New visitor guide produced for Digbeth
A new visitor guide for the Digbeth district of Birmingham has been produced.
Called ‘Dig Digbeth’, it aims to showcase the best things to see and visit including shops, bars, street art and other attractions and contains historical information about the area.
The guide includes a section on The Irish in Digbeth, reflecting the fact the city is the home to Birmingham’s thriving Irish Quarter.
It also features a section on the infamous Peaky Blinders, who have been the focus of the highly successful BBC drama series starring Cillian Murphy.
It is available free at information centres, libraries, travel arrival points, local hotels and attractions while inward investment body Marketing Birmingham has uploaded the guide to the Visit Birmingham website.
Anna Gibson, creative director of AMS Consultancy which published the guide, said: “Just like the Balti Triangle and Jewellery Quarter, Digbeth is a distinctive part of the city which we want locals and visitors to experience and enjoy.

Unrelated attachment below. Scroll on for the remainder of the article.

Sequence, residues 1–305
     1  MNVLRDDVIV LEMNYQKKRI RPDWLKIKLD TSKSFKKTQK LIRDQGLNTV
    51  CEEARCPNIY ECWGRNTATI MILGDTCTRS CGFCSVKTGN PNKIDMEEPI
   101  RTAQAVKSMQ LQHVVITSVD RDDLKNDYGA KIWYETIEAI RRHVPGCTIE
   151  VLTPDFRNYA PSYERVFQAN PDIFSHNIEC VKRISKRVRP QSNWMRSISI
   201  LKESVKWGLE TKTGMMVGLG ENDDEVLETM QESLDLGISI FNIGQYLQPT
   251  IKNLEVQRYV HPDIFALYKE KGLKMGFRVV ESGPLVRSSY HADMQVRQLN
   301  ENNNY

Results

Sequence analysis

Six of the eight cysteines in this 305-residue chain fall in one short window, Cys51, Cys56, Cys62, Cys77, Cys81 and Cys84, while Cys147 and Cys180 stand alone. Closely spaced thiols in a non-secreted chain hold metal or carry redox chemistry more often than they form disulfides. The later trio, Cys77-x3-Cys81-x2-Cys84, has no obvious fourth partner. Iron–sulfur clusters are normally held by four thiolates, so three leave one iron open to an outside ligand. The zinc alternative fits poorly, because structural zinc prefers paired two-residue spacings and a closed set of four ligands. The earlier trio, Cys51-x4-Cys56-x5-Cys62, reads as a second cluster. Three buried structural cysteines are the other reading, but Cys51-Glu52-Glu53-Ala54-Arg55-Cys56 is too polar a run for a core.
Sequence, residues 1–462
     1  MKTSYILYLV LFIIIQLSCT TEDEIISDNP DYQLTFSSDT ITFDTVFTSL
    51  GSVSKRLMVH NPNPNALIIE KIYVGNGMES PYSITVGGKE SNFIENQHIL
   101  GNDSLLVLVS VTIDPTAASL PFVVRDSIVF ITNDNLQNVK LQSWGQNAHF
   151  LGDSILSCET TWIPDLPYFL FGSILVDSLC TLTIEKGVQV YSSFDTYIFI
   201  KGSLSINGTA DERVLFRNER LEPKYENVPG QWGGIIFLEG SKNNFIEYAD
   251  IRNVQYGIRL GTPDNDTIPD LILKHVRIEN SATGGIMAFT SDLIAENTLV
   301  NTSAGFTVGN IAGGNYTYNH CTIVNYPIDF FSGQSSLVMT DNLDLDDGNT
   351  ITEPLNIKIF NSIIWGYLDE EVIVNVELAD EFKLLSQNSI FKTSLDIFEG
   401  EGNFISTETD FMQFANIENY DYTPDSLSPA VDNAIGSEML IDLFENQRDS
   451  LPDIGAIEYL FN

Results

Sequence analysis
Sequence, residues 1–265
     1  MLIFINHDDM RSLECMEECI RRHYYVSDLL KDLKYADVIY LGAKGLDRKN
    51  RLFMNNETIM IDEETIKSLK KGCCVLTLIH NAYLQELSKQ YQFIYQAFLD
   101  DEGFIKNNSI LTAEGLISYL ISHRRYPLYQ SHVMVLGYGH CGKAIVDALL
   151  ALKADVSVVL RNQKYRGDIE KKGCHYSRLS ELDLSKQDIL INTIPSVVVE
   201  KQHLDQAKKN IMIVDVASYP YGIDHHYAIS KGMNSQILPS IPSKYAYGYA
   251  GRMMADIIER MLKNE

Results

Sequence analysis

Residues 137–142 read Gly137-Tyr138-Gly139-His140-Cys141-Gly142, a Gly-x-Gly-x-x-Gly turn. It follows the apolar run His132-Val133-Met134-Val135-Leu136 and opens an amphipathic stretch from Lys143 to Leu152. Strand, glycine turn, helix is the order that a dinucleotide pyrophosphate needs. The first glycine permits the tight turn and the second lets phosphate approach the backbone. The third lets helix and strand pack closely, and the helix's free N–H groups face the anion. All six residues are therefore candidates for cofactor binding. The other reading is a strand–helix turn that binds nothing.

“We think the guide will be invaluable in ensuring people make the most of their visit.”
Marketing Birmingham’ director of marketing Emma Gray added: “The new guide is a great way to showcase the diverse offering available in the area and educate visitors on Digbeth’s rich cultural and industrial history.”
AMS also publishes the Essential Guide to the Jewellery Quarter which is now in its seventh year.
The publication of the guide is seen as a boost to tourism for the area and comes in the wake of Birmingham being named as one of the top ten world cities to visit in 2015 by Rough Guides.
Here are ten facts about Digbeth included in the guides:
- Birmingham’s ice cream-making community lived in terraced houses in Bordesley Street which are still there today
- Typhoo Tea’s headquarters was in Digbeth and Typhoo Wharf in Bordesley Street is where tea was delivered by canal
- Music venue Digbeth Institute was home to the famous Jug of Punch folk club and UB40 used to perform there
- The Old Crown is the oldest secular building in existence in Birmingham and dates back to 1638
- The JFK Mural in Digbeth High Street has 111,604 pieces of mosaic weighing 500 kilos
- Digbeth was the site of the Battle of Birmingham in 1643
- Arguably Birmingham’s most iconic and controversial piece of art, King Kong, was located outside a second hand car dealer’s at the top of Digbeth High Street
- Small Heath Amateur Boxing Club, based in Adderley Street, has produced a line of boxing champions including, more recently, Matt Macklin
- The disused railway viaduct which ends in Adderley Street is the abandoned GWR line originally proposed to take the London Paddington (Chiltern) line into New Street Station
- The refurbished Bond (Fellows, Morton and Clayton Ltd) building was originally the destination for all bonded goods arriving on the Warwick and Birmingham Canal into Birmingham